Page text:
Buying an old steel road bike

veronese68
veronese68 Posts: 27,545
edited July 2014 in Road buying advice
I want to buy myself an old steel framed bike. I want to have a go at doing l'Eroica sometime in the next few years, so something eligible for that.
Should I buy an old British bike or an Italian bike? I'm tempted to go with Italian. I could get people I know in Italy to buy over there and then I can bring it back or get it put in with a shipment coming over. But, I would have to give them some fairly strict guidelines to go by. I understand the different types of Reynolds tubing, but have no idea what's what when when it comes to tubing on Italian bikes. Presumably Columbus tubing is no guarantee of quality as there are many different grades.
I could also look at Retrobike, Ebay and other sites of course. I'm not averse to buying a frame and putting it together over time.
What do we think?
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Comments

  • Moonbiker
    Moonbiker Posts: 1,706
    Hillary stone & pedal pedlar have alot of old steel bikes/frames.
  • kingstonian
    kingstonian Posts: 2,847
    retrobike is a good place, always plenty of good bikes up for sale at good prices.

    Does depend on your budget, there are a few companies specialising on top end vintage bikes (Eroica Cicli being the best IMO)
  • Monty Dog
    Monty Dog Posts: 20,614
    The rising popularity of retro-events means the days of picking up a bargain steel-framed bike have long gone - I once scored a freshly resprayed Paul Hewitt 631 frame for £30 :-) and my Gios was £108! It really depends on what your budget is - a decent condition Italian frame is going to be £250-300 and more for a Colnago / DeRosa / Tommassini / Pinarello. It's easy to pay £250-300 for a quality respray with transfers too. I usually sell on Retrobike and prices are fair and most aren't looking to rip you off - unless some of the ambitious BINs on ebay or Hipster-coolness of LFGSS. A lot of 80s steel frames were mass-produced rubbish - pay attention to quality, investment cast lugs and beware of tin-worm.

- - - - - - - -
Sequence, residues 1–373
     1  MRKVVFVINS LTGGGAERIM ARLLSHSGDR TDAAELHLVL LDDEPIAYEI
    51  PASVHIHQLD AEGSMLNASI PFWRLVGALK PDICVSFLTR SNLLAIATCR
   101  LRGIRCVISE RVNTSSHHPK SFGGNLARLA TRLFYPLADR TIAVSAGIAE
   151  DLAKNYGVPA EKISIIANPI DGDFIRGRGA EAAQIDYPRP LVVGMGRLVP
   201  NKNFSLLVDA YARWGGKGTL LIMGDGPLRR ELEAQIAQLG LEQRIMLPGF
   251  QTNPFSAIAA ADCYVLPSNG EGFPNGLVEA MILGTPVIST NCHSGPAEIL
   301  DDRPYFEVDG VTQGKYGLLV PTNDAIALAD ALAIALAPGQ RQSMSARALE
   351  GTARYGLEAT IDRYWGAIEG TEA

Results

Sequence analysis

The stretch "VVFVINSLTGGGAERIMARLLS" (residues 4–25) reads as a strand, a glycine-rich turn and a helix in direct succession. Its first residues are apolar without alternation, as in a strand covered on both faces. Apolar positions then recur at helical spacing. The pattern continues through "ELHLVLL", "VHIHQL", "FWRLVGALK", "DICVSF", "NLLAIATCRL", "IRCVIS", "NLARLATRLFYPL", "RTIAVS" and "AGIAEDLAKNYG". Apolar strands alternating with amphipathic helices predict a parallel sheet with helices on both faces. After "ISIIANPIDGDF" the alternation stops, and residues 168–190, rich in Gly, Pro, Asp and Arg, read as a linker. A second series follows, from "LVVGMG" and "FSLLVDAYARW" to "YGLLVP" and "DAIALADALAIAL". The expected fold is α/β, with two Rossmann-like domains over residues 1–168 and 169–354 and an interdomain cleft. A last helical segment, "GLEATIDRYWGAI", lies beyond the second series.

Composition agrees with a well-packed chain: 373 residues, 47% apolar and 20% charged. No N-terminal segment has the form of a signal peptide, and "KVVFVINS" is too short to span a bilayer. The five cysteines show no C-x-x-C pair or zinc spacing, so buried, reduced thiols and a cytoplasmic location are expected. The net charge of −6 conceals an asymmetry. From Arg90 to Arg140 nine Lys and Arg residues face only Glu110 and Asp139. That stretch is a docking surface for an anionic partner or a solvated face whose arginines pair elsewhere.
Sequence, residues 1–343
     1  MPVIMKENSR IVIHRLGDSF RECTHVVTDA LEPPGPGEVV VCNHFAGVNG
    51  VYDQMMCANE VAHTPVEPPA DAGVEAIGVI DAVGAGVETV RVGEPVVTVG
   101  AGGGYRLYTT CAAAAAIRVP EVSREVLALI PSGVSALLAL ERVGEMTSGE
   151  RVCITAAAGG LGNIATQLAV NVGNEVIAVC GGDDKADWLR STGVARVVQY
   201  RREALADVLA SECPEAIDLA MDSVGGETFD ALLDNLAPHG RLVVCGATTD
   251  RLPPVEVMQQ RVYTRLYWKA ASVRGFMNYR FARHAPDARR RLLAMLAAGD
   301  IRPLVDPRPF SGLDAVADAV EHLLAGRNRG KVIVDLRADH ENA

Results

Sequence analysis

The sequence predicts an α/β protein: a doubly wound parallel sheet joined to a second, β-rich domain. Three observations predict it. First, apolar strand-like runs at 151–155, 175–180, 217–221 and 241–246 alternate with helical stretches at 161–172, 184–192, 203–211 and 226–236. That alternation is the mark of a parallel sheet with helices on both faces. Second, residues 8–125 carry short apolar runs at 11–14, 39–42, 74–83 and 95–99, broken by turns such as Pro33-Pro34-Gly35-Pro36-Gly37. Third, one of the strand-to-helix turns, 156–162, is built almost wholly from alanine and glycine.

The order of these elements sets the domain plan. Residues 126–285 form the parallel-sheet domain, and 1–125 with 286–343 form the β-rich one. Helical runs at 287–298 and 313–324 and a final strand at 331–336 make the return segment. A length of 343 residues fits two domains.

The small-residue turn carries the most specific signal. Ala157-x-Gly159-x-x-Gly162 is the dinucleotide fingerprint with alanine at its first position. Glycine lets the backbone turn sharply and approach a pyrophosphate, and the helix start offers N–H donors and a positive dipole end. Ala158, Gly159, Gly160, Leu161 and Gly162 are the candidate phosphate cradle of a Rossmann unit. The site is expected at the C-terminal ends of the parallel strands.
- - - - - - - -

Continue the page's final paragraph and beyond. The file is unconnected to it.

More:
Make mine an Italian, with Campagnolo on the side..
  • tlw1
    tlw1 Posts: 21,980
    Come on, you already know the answer to this

    Italian bike on a shipment of car parts :)

    maybe even two.......... (size 56 frame for me)
  • veronese68
    veronese68 Posts: 27,545
    matthew h wrote:
    Come on, you already know the answer to this

    Italian bike on a shipment of car parts :)

    maybe even two.......... (size 56 frame for me)
    Yes I know that. I have a few customers and more than a few cousins that can look for me, but not my sister she's clueless. I just need to learn more about how to tell good from bad Italian bikes remotely. Hopefully Ugo will be along to advise on that aspect as I think this sort of thing is right up his street.
    Thanks for the other suggestions. As Monty says a lot of frames were mass produced rubbish, unfortunately I don't know enough to pick out the genuinely good frames from the ones that just look good. I don't mind paying a fair price, but I don't want to pay over the odds for a load of old gas pipe.